This time last year…

…we had no idea that in 12 hours, our world would be turned upside down. This time last year, terrorists were getting ready to attack the Taj, the Trident and the CST. What seemed to be a two-hour operation for our elite National Security Guards, turned out to be our worst ever encounter with terror. I can’t get the memory of that day out of my mind. I can’t get those television images of Karkare, Kamte and Salaskar out of my mind. Nor can I forget the young and handsome face of Sandeep Unnikrishnan, who along with dozens of others lost his life to those terrorist bastards. Men, no older than 19 and 20, who decided to right all the perceived wrongs by randomly killing off innocent civilians whose only crime was to have been born in a non-Islamic country.

On second thoughts, did Islam, or any other religion for that matter, even figure in their thoughts? Or was it simply the blind faith that by killing a hundred civilians, they would get their 72 virgins in heaven? Did even their own religion matter when these men, who weren’t even old enough to be called men, killed off those people waiting to catch trains and get back home to their loved ones? I don’t know. I don’t want to know. All I know is that but for those men who laid down their lives trying to save others. If Karkare, Kamte, Salaskar and Sandeep were men in uniform who knew their lives could end this way some time, the staff of the Taj and the Trident took the word customer service to new heights that day. They died trying to protect their customers.

I could go on like this for the next 10 pages, but nothing would diminish the pain we felt on that day. I wouldn’t say that my heart bled for my country that day, one year ago. But, sitting in faraway Chennai, I suddenly felt more insecure than I ever had previously. I suddenly felt terrified for the lives of those I loved and cared for the most. What if my parents, my friends, or even the lady next door were at the Taj that day? What if tomorrow, I were to lose one of these people I cherish and adore? What if one day, I had to sacrifice a son, friend, husband or brother like Sandeep? It is too terrifying to contemplate.

Having said all this, we still keep the men who perpetrated this crime alive. I argued passionately for the right of Kasab for a fair trial. But, I also say that justice delayed is justice denied. How much longer are we going to have to wait for the trial to end? How much longer are we going to allow the media free access to him and listen to that man say he regrets what he did, and hear his laments? I don’t want to know. I don’t want to know why or how he became a terrorist. I am, even a year later, in no position to conduct an academic inquiry into the motives behind a man turning into a terrorist. All I want is justice; justice for the wrongs; justice for the killing of the hundreds of civilians who only wanted a good night’s sleep. Unless we, as a nation act firmly and quickly against the perpetrators of terror, we will remain soft targets. First, it was Delhi, then Jaipur, then Mumbai, more than once. Tomorrow it could be Chennai, or Hyderabad, or Bangalore. Are we going to wait until every one of our cities, major and minor, becomes targets of terror attacks? I certainly hope not.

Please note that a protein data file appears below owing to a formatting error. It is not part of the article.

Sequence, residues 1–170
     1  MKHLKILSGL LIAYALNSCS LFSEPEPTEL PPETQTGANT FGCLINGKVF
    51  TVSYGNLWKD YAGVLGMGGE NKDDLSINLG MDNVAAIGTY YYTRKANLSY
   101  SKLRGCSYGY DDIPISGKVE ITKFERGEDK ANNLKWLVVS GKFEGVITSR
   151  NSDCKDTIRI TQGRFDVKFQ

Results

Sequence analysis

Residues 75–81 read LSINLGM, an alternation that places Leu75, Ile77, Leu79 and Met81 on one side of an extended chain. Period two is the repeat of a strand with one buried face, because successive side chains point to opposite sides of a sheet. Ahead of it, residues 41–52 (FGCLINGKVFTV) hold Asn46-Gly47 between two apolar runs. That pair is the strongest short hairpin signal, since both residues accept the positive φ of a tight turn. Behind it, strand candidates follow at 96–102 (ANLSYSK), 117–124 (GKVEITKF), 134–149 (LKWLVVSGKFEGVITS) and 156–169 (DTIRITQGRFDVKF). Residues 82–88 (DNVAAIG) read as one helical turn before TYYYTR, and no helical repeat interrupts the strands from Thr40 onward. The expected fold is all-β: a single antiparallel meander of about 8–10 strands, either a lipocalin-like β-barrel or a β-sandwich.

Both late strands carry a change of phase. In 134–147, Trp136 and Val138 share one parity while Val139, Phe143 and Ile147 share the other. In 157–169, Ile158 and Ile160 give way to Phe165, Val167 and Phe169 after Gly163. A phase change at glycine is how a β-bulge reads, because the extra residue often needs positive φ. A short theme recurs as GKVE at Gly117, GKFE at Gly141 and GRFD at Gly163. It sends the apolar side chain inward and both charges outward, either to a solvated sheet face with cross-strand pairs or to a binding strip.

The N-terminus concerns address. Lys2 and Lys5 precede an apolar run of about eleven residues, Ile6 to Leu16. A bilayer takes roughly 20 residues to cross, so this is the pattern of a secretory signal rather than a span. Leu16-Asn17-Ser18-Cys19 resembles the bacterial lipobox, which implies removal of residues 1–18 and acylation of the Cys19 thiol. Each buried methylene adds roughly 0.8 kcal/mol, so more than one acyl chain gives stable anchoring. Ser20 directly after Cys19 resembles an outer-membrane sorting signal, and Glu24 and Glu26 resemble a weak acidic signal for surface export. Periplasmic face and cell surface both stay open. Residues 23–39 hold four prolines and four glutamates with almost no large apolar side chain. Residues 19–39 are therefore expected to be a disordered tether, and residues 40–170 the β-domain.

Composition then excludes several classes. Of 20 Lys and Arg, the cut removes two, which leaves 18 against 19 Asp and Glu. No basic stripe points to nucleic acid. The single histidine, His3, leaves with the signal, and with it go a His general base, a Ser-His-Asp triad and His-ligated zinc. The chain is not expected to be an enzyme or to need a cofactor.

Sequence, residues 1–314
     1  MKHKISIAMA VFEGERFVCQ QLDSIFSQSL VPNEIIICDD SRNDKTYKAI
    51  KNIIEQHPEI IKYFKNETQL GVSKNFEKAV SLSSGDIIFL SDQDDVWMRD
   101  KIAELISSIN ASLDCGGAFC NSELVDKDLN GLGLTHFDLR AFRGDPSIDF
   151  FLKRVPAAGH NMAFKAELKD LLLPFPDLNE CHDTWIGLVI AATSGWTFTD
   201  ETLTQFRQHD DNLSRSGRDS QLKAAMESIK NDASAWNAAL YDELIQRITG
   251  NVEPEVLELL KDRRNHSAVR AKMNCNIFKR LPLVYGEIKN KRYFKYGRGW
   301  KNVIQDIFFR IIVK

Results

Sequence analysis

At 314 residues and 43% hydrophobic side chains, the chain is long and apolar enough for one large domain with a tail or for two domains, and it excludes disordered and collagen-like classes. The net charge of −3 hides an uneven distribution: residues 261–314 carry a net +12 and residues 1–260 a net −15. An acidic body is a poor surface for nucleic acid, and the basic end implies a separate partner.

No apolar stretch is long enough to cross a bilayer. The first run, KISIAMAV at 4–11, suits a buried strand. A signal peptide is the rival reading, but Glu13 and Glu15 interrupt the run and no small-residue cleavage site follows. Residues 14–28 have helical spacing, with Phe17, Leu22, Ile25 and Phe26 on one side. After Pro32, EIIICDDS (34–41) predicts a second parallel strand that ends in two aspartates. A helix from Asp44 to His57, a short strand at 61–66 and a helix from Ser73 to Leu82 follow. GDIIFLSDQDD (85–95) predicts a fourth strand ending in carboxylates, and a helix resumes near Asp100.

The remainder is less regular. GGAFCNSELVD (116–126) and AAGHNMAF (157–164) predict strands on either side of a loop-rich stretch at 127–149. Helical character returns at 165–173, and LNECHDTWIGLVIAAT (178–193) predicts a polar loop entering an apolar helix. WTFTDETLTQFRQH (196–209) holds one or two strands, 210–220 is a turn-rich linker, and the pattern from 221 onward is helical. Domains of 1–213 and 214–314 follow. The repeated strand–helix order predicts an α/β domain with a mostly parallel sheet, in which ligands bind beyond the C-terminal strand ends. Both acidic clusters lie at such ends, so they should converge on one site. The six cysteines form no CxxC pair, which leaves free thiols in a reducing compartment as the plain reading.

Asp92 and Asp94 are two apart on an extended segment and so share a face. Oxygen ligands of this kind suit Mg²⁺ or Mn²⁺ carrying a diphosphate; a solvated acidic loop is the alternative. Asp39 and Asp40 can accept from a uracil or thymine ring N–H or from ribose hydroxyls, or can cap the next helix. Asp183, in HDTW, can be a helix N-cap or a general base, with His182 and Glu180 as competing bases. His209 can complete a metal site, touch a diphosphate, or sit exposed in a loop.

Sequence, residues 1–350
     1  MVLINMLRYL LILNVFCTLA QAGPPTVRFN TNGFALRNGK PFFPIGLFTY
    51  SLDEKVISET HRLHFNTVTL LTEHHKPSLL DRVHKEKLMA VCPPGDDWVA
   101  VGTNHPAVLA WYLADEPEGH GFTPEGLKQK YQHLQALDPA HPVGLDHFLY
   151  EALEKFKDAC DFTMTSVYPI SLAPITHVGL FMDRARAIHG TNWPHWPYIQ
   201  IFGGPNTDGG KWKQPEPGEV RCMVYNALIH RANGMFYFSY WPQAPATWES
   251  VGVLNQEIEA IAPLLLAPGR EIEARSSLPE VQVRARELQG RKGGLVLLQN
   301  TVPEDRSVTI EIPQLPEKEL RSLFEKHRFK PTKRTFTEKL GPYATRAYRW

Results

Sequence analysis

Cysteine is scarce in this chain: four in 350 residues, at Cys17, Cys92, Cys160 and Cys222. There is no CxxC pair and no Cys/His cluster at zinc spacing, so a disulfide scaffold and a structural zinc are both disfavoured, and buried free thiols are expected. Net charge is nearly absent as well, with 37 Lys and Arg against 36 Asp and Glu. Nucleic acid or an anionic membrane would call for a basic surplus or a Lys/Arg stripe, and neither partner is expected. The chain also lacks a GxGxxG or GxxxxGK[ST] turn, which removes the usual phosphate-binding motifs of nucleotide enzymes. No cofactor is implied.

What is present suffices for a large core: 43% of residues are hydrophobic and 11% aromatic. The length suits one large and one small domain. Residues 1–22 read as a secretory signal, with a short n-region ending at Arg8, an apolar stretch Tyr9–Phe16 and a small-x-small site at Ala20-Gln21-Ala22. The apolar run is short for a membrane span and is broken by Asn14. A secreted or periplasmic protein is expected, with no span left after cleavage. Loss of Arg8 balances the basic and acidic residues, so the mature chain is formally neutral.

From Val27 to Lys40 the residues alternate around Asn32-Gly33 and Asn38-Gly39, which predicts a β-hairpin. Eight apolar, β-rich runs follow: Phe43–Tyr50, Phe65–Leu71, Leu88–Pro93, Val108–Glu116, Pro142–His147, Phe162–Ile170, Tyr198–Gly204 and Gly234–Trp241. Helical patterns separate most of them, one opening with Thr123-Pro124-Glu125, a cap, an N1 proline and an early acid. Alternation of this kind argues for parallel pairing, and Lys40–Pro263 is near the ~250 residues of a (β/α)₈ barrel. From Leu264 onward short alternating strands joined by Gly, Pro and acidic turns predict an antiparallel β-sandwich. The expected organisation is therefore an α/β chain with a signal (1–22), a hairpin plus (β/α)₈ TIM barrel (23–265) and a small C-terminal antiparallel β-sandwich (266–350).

Where the mind is without fear…

This is one of my favourite poems by Tagore. It generates the kind of hope and happiness within you that very few other poems manage to do. This poem came to my mind, unbidden, when I first wanted to change the title of my blog. This is the third title in three years. The first, “A Space of One’s Own” was inspired by Virginia Woolf. The second, “Reflections” was too common. As Sankhya put it, I needed to change it sooner rather than later, because it did not reflect the true nature of my not-so-innocent self. So, after much deliberation and discussion, I have changed it. To it’s current title. Do tell me what you think of this. Lurkers, please come out and comment too. I would love to hear from you!

Taking a break…